UEFA has officially sanctioned a new-look Champions League a day after plans for a controversial breakaway European Super League were announced.
The reforms received unanimous backing from the ECA (European Club Association) Board and the UEFA Club Competitions Committee following what UEFA described as “extensive consultation across the football family”.
Under new rules which were announced on Monday, there will be 36 teams competing in the Champions League instead of 32, while the present group-stage format – whereby there are eight pools of four – will be scrapped.
Each team will instead play 10 group games before advancing to a last-16 knockout format. The changes, which have faced criticism, will be implemented for the 2024-25 season onwards.
Similar format alterations will also be applied to the Europa League, with six matches in a league stage of the competition.
UEFA President Aleksander Ceferin said: “This new format supports the status and future of the domestic game throughout Europe as well. It retains the principle that domestic performance should be the key to qualification and reconfirms the principles of solidarity right through the game and of open competition.
“This evolved format will still keep alive the dream of any team in Europe to participate in the UEFA Champions League thanks to results obtained on the pitch and it will enable long-term viability, prosperity, and growth for everyone in European football, not just a tiny, self-selected cartel.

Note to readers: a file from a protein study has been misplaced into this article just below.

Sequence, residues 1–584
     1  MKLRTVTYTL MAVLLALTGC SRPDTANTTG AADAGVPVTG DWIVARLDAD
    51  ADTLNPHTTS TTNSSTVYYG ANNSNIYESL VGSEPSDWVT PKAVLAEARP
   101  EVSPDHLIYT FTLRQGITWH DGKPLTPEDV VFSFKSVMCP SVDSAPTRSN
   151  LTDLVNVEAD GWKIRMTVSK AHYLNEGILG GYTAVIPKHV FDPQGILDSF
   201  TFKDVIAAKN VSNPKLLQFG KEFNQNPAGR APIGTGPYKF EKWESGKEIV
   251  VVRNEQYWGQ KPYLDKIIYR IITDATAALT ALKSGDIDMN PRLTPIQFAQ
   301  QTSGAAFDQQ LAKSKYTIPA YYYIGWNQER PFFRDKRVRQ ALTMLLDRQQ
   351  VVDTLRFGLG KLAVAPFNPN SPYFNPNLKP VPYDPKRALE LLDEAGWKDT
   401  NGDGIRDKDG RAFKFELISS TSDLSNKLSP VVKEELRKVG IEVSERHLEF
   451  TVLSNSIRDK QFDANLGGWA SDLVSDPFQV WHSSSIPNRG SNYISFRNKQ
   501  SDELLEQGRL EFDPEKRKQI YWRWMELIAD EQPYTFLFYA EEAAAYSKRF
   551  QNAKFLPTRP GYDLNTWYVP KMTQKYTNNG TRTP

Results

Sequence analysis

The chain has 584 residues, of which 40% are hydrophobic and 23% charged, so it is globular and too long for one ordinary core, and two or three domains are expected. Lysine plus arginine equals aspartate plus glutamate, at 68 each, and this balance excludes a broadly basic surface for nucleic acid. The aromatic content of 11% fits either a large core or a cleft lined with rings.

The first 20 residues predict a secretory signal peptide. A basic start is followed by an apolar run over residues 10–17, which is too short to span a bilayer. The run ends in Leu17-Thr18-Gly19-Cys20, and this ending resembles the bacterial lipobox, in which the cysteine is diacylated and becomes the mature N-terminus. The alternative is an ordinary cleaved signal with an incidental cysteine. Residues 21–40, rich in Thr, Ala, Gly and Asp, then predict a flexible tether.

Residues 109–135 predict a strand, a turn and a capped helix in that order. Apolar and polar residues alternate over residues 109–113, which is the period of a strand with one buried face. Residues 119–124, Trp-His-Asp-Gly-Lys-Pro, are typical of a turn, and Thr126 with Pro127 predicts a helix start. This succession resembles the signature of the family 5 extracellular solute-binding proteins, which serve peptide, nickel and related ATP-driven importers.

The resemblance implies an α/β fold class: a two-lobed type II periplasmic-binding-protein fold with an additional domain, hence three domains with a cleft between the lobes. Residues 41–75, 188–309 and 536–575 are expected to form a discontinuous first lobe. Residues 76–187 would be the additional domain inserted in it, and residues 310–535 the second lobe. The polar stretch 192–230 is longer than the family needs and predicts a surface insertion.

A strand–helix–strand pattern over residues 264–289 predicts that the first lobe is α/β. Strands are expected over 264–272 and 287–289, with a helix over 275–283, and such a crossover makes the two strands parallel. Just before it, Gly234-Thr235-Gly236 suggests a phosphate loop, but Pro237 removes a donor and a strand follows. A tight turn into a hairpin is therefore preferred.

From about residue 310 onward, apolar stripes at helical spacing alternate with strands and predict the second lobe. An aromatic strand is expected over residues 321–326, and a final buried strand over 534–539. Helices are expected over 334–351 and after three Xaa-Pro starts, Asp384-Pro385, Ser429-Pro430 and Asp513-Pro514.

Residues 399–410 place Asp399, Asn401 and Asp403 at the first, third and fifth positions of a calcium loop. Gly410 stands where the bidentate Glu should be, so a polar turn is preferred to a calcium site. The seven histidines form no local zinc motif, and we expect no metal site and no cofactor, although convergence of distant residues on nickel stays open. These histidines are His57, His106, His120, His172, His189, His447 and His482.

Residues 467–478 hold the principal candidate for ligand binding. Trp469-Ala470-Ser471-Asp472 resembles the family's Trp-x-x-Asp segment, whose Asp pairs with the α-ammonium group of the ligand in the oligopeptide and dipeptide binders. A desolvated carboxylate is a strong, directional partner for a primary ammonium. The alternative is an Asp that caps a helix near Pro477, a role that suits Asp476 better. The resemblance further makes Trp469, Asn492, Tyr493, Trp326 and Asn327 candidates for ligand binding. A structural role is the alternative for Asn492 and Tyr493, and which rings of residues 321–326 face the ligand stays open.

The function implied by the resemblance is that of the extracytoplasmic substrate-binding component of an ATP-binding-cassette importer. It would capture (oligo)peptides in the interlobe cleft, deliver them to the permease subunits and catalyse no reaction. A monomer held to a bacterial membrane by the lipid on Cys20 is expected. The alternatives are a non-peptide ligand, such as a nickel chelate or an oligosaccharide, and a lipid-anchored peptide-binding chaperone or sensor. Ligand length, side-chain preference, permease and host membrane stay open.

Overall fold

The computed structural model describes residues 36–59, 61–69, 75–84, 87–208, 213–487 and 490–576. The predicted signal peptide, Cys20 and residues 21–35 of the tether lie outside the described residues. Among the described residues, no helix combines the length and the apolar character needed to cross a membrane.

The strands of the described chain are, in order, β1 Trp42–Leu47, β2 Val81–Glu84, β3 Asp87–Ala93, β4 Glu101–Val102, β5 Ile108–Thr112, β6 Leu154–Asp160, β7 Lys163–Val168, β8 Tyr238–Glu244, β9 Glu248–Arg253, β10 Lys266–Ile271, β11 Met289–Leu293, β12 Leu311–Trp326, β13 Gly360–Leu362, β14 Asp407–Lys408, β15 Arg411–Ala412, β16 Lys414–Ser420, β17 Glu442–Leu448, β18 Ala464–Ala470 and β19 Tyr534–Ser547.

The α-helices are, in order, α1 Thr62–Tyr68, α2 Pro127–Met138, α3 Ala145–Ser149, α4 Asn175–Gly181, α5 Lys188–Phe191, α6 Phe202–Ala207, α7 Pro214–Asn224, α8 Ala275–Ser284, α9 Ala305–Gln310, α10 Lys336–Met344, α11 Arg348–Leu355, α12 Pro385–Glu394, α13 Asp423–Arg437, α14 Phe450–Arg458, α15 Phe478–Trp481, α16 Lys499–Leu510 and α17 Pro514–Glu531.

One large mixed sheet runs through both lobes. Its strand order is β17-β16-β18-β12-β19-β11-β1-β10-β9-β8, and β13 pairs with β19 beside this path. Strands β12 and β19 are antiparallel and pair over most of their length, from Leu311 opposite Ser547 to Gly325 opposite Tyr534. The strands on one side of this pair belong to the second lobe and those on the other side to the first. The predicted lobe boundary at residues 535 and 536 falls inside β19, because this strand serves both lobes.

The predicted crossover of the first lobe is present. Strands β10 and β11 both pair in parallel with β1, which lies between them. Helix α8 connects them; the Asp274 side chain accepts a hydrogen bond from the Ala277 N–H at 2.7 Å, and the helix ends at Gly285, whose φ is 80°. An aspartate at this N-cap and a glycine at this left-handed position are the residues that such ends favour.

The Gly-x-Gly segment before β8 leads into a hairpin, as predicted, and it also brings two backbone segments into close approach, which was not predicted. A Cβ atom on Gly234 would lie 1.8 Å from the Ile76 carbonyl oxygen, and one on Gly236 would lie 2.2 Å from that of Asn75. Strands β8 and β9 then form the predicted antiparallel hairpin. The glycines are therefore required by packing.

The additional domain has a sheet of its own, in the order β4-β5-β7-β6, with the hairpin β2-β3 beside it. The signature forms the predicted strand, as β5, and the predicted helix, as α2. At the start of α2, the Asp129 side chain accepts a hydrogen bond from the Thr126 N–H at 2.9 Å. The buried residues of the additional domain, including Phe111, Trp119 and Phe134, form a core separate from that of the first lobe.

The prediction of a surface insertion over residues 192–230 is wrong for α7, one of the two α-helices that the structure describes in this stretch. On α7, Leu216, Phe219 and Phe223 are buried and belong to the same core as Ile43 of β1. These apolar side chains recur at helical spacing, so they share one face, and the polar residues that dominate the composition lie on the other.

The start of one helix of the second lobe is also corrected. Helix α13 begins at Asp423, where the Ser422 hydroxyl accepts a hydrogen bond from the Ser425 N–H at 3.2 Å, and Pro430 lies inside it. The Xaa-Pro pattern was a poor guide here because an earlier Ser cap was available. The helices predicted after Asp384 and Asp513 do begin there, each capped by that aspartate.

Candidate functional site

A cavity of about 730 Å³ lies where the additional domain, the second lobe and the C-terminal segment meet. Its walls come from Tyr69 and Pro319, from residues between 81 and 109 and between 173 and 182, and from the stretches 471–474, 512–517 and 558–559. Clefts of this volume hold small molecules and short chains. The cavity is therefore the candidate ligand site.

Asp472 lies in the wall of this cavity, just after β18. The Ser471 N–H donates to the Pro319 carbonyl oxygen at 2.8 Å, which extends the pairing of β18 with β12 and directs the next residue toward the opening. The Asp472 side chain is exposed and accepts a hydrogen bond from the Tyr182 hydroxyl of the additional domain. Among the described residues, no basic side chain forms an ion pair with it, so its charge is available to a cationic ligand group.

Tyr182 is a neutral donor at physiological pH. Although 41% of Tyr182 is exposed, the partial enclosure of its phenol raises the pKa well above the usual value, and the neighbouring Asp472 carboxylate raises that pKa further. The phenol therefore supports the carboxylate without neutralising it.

“Football is a social and cultural treasure, enriched with values, traditions and emotions shared across our continent. As the governing body and responsible stewards of the European game, it is UEFA’s role to safeguard this legacy while leading positive future development of football in Europe for national associations, leagues, clubs, players, and fans at every level.
“This is why we had an extensive consultation process over the last two years which led to the unanimous backing of our proposal and we are convinced that these reforms achieve those objectives.”
The news comes following Sunday’s announcement that 12 clubs have agreed to become founders members of a rival Super League, which has been met with widespread condemnation.
Manchester United, Manchester City, Liverpool, Chelsea, Arsenal and Tottenham from the Premier League have joined with Juventus, Milan and Inter of Serie A, and LaLiga giants Barcelona, Real Madrid, and Atletico Madrid in signing up.
Europe’s top leagues vowed to do all they can to block the project and UEFA described the breakaway plans a “cynical project”.
In an emphatic response, UEFA together with the English Football Association, Premier League, the Royal Spanish Football Federation, LaLiga, the Italian Football Federation and Serie A have joined forces in attempt to quell the Super League.
They reiterated a pledge to ban teams from other competitions if they take part in the Super League, while FIFA’s threat of barring players from the World Cup was also alluded to.